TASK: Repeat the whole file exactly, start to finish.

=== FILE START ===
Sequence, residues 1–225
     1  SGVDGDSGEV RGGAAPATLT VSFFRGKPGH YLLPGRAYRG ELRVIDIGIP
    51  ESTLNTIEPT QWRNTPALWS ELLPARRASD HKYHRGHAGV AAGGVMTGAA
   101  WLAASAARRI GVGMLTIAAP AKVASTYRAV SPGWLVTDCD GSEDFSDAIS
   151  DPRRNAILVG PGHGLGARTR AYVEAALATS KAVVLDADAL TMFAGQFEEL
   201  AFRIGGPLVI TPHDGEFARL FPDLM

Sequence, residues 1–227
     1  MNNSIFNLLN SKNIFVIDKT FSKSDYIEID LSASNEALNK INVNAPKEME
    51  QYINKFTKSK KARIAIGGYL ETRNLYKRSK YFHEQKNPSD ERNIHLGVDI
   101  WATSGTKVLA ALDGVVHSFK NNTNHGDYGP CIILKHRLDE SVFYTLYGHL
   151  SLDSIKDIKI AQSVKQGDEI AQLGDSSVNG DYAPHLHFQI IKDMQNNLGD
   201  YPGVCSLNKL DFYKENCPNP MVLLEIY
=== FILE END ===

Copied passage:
Sequence, residues 1–225
     1  SGVDGDSGEV RGGAAPATLT VSFFRGKPGH YLLPGRAYRG ELRVIDIGIP
    51  ESTLNTIEPT QWRNTPALWS ELLPARRASD HKYHRGHAGV AAGGVMTGAA
   101  WLAASAARRI GVGMLTIAAP AKVASTYRAV SPGWLVTDCD GSEDFSDAIS
   151  DPRRNAILVG PGHGLGARTR AYVEAALATS KAVVLDADAL TMFAGQFEEL
   201  AFRIGGPLVI TPHDGEFARL FPDLM

Sequence, residues 1–227
     1  MNNSIFNLLN SKNIFVIDKT FSKSDYIEID LSASNEALNK INVNAPKEME
    51  QYINKFTKSK KARIAIGGYL ETRNLYKRSK YFHEQKNPSD ERNIHLGVDI
   101  WATSGTKVLA ALDGVVHSFK NNTNHGDYGP CIILKHRLDE SVFYTLYGHL
   151  SLDSIKDIKI AQSVKQGDEI AQLGDSSVNG DYAPHLHFQI IKDMQNNLGD
   201  YPGVCSLNKL DFYKENCPNP MVLLEIY